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NASA's 'Snoopy' lunar module may have been found after 50 years in space

A team of astronomers are '98 percent convinced' they've found a long lost lunar module that's been floating in space for decades.

Fifty years after it was discarded into space, a team of astronomers believes they may have found the "Snoopy" lunar module from the 1969 Apollo 10 mission, according to Sky News. 

NASA's "Snoopy" lunar module was named after the cartoon dog and flew within 10 miles of the moon's surface in May 1969. The Apollo 10 mission featuring "Snoopy" and the "Charlie Brown" command module served as a dress rehearsal for Apollo 11. 

Two astronauts flew in the lunar module for eight hours over the moon, then returned to the command module and sent Snoopy on its way into space.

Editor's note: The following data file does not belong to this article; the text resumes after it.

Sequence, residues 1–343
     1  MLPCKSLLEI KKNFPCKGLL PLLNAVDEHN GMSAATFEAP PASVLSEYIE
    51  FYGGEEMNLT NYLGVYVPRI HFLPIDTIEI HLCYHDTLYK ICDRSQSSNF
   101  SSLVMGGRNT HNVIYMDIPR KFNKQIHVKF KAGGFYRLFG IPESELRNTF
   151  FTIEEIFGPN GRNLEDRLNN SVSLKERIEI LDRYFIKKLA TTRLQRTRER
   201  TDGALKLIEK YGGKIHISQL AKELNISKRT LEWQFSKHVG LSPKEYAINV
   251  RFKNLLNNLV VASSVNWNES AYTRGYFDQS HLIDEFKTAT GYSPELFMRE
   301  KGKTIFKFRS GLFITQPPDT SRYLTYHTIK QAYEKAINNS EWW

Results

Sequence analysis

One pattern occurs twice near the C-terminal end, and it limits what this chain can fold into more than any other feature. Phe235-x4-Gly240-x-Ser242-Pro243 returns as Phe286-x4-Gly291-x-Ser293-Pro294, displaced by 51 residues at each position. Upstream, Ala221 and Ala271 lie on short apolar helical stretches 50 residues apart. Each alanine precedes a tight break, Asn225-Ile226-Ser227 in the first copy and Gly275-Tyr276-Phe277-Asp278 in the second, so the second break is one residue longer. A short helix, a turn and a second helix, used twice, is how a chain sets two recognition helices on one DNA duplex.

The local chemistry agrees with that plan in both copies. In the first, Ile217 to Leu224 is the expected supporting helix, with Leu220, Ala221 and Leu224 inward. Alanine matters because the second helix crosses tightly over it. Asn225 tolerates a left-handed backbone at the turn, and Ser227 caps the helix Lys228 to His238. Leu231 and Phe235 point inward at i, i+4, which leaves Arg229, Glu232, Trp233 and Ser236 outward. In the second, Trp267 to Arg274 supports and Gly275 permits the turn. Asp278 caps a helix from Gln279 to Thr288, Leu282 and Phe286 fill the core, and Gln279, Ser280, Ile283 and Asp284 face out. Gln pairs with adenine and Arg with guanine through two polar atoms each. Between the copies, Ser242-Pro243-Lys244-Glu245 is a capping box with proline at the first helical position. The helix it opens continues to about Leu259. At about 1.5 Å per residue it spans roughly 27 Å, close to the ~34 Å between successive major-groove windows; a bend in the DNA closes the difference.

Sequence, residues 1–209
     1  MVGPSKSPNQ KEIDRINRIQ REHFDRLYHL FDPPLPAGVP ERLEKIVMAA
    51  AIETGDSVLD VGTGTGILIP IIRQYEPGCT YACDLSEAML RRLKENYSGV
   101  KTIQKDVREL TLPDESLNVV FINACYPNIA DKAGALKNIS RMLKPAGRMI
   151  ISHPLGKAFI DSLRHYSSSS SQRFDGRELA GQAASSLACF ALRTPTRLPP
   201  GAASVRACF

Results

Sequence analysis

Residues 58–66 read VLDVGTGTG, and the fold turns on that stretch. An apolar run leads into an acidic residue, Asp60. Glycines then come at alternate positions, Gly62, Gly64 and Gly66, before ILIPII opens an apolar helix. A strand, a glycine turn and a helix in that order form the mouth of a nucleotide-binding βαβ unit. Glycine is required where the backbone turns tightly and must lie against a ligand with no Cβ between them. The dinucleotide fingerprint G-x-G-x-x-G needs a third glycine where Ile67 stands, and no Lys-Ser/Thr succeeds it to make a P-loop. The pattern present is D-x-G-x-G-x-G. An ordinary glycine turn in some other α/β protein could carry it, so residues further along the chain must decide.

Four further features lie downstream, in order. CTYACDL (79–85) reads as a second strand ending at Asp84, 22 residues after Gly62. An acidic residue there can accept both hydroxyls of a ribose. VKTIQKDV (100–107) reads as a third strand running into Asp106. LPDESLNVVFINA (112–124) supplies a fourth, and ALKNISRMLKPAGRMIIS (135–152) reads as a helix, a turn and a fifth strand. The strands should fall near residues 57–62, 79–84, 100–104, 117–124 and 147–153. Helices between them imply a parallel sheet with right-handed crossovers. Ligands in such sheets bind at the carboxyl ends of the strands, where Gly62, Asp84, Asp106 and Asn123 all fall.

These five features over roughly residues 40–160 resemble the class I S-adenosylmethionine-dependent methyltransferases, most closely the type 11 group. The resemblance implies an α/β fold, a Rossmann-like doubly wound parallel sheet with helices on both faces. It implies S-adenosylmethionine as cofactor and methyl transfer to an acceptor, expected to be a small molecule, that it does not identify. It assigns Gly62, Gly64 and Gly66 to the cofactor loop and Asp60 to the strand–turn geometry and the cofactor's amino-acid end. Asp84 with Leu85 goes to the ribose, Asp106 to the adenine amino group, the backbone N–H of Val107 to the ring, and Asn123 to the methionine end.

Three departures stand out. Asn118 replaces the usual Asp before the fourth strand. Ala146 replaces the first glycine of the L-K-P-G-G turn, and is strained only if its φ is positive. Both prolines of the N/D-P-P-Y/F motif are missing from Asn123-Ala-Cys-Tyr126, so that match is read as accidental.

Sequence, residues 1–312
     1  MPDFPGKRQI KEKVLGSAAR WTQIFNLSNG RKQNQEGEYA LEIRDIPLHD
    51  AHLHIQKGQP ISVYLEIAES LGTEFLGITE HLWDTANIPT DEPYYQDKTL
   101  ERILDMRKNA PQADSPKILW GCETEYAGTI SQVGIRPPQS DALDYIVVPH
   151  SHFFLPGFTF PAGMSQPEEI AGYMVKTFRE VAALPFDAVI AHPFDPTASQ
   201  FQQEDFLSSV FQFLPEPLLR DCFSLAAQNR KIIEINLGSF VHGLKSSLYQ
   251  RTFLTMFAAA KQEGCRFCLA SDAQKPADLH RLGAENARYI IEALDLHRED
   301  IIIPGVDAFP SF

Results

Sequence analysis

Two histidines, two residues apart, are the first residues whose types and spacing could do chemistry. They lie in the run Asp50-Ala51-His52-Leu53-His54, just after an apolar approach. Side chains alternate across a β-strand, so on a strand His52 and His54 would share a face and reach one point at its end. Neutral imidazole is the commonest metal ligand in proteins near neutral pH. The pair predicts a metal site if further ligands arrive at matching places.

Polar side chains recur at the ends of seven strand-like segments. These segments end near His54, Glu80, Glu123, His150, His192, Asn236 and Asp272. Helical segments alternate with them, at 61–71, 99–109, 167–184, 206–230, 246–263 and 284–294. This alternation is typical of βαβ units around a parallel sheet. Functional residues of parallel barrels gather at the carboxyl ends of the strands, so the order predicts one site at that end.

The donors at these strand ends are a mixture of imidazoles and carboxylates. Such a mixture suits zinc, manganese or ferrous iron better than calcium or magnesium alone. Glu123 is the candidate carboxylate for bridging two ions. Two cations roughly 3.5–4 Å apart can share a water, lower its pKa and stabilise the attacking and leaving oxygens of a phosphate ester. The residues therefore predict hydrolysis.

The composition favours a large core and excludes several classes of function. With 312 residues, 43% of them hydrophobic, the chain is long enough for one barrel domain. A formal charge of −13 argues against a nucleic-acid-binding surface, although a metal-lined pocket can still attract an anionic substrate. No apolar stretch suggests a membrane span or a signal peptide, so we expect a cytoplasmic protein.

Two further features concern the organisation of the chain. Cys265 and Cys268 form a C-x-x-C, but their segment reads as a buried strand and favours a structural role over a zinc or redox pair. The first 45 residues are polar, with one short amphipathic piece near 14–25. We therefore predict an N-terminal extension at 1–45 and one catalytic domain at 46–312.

According to NASA, it was sent into an orbit around the sun to make sure it didn't reconnect with Charlie Brown. 

It's location has been a mystery since then. 

But now astronomer Nick Howes told Sky News his team is "98% convinced" they found Snoopy last year after analyzing terabytes of radar date.  

Howes, a fellow at the Royal Astronomical Society, said he began searching for the lost lunar module in 2011 and estimated the odds at finding it were 235 million to one, Newsweek reported.  

It'll take a lot more work to be 100% sure what they spotted is Snoopy. 

Howes told Sky News someone will need to get really close and get a detailed radar profile for confirmation.  

He told attendees at the Cheltenham Science Festival in the U.K. that Elon Musk and his SpaceX company could be an ideal candidate to go and bring Snoopy back, according to Sky News.  

And what would they do with Snoopy back on Earth? Howes recalled Apollo 10 crew member Eugene Cernan telling him to "imagine the queues at the Smithsonian" to see Snoopy in person. 

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